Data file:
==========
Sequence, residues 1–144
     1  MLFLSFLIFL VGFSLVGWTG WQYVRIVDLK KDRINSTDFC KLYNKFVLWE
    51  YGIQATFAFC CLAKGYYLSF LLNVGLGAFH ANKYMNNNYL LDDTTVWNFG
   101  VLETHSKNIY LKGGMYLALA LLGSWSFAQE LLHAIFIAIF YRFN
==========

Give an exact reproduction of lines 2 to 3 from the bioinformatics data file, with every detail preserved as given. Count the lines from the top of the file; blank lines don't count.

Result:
     1  MLFLSFLIFL VGFSLVGWTG WQYVRIVDLK KDRINSTDFC KLYNKFVLWE
    51  YGIQATFAFC CLAKGYYLSF LLNVGLGAFH ANKYMNNNYL LDDTTVWNFG